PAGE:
Plunging is cool, but safety is cooler
Photo: Inês Lopes/Open Media

Plunging is cool, but safety is cooler

As we come towards the end of summer, it is important to note that after September the swimming season in Portugal is considered closed.

The sea temperatures may be somewhat colder as we head further into the year and although the beaches are still inviting, there are no lifeguards on duty and no safety flags will be displayed, regardless of conditions.

In the first seven months of this year, 88 people died of drowning in beaches, pools, dams, and more, a record high in the last five years. In reality, most drownings are caused by strong currents in the ocean and “excessive confidence from people” in rivers and dams. It is important, therefore, to keep an eye on children in particular, and put safety first, before plunging into the sea.

Sea temperatures

At present, sea temperatures are around 17/19ºC on the west coast and on the south coast 19/22ºC. This is not bad compared with average sea temperatures here. It can be colder than this and with temperatures in the sun over 30ºC, the difference between air and water temperature can be considerable.

In a recent incident in the Algarve, a person showed signs of hypothermia after getting out of the water, and even though he was wearing a wetsuit, a doctor who was on site for support found that the person’s body temperature was below what it should be.

In most of the world – anywhere where water is cooler than body temperature – swimmers can achieve hypothermia at any time of year, it’s just a matter of how long it will take. Mild hypothermia occurs when the body temperature drops to 35-32ºC. The effects of mild hypothermia are: it suppresses the functionality of the central nervous system; it impairs the decision-making capabilities; it reduces the feeling ability, making the movement slow and shivering of the body.

The only way to recognise your own limits is to get to know them, through experience.

Warm air doesn’t always mean warm water in lakes, streams or oceans. 15ºC water, which is the average in several parts of the mainland at the end of the year, may not sound very cold, but it can be deadly. Plunging into cold water of any temperature becomes dangerous if you aren’t prepared for what the sudden exposure can do to your body and brain.

Warm air temperatures can create a false sense of security for boaters and beachgoers, so if you are planning to be on or near the water, arrive knowing the conditions and how to protect yourself.

Rip currents

A rip current is a narrow, fast-moving channel of water that starts near the beach and extends offshore through the line of breaking waves.

Spotting a rip current can be difficult, and really needs some practice. But when you go to the beach, start off by staying back from the water. Rip currents are easier to see at an elevated position, like a dune line or beach access, and then look for places where waves aren’t breaking, so flat spots in the line of breaking waves. Also, where there’s maybe foam or sediment in the water being transported away from the beach offshore.

Rip currents can occur anywhere you have breaking waves, like large sandy beaches on the open ocean. But they can also occur where you have hard structures, like jetties, or piers, or even rocks jutting out into the ocean.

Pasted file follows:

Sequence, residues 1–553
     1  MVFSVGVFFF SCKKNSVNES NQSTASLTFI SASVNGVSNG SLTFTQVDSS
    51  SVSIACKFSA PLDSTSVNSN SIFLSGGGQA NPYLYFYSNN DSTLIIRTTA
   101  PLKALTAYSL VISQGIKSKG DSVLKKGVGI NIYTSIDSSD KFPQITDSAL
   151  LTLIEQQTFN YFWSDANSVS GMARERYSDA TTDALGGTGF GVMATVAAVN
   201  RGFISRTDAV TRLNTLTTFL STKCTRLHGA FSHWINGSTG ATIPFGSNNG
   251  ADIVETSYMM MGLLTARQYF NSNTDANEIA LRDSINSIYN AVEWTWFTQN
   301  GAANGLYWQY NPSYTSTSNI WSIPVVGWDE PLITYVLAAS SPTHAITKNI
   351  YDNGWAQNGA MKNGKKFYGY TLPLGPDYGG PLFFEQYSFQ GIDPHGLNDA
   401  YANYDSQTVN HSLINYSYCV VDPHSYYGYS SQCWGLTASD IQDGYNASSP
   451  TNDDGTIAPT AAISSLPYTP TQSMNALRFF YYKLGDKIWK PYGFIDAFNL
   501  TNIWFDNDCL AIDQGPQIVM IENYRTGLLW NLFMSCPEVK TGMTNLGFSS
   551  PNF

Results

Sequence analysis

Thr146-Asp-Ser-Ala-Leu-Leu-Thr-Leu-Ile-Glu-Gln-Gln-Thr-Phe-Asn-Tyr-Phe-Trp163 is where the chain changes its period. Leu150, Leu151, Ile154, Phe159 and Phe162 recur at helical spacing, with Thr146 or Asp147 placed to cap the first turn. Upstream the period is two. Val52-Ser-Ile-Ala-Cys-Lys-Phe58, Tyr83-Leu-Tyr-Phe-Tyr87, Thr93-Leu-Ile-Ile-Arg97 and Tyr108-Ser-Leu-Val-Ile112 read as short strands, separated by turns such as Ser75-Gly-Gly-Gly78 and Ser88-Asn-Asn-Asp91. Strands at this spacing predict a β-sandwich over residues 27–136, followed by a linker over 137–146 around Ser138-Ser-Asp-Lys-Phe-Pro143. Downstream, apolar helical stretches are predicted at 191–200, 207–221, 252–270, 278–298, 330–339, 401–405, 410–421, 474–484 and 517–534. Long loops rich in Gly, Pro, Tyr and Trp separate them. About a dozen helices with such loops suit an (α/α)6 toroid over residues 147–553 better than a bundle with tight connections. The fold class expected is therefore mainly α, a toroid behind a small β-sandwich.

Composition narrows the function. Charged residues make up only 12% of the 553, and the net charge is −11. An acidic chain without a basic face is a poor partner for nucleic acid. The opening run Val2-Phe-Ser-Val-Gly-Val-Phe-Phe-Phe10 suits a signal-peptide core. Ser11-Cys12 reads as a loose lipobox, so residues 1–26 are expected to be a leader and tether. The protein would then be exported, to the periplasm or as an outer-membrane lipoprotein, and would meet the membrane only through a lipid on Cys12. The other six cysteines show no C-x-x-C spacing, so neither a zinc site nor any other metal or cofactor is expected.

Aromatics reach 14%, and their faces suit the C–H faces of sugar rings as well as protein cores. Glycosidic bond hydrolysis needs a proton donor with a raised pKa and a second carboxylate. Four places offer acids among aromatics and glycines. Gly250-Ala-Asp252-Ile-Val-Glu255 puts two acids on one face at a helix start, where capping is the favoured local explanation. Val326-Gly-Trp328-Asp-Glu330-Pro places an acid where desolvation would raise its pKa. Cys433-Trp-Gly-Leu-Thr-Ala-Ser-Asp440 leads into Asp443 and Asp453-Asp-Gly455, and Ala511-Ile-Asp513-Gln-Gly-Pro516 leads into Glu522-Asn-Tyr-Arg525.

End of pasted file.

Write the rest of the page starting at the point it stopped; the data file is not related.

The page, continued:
If you do get caught in a rip current, the best thing you can do is stay calm. It’s not going to pull you underwater; it’s just going to pull you away from shore. Call and wave for help. You want to float, and you don’t want to swim back to shore against the rip current because it will just tire you out. You want to swim out of the rip, parallel to shore, along the beach and then follow breaking waves back to shore at an angle.

Spider fish
Spider fish

Spider fish

These fish usually hide in the sand, a few centimetres down, waiting for prey. As they go unnoticed in the water, people end up stepping on them inadvertently.

When you are stung by the spider fish, you may initially think that you have stepped on a rock or a pointed shell. There is initially a mild pain, but it evolves almost immediately to an intense pain, difficult to bear, with changes in the surrounding skin which becomes red and swollen.

If you can identify the thorns stuck on the skin, try to remove them as soon as possible, with a tweezer or gloves. Don’t touch them with your fingers.

Place the foot or the stung area in some heat source, such as hot sand, or in water as warm as possible for at least 30 minutes, so the poison will decompose with the heat. Be careful not to burn yourself.

If you are stung on the face, have intense and permanent swelling and pain, persistent fever, nausea, vomiting, dizziness or headaches, excessive sweating or are unable to remove the spikes, you should seek an emergency service.

Never put ice in the sting area, do not touch the thorns with your hands, nor cover the wound of the sting.

You can prevent the spider fish bite by wearing plastic soled shoes when walking in the water.

Spider fish sting pain can last between two hours and 24 hours, and most people stung by spider fish do not need to be seen by a physician. Emergency medical services should be activated immediately, via telephone number 112, when a person stung by a spider fish has signs of shortness of breath, loss of consciousness, convulsions, intense skin rash (red spots on the skin), edema (swelling) with voice change or chest pain.

By David Thomas

David Thomas is a former Assistant Commissioner of the Hong Kong Police, consultant to INTERPOL and the United Nations Office on Drugs and Crime.
In 2011, he founded Safe Communities Algarve to help the authorities and the community prevent crime. It is now registered as Associação SCP Safe Communities Portugal, the first national association of its type in Portugal.
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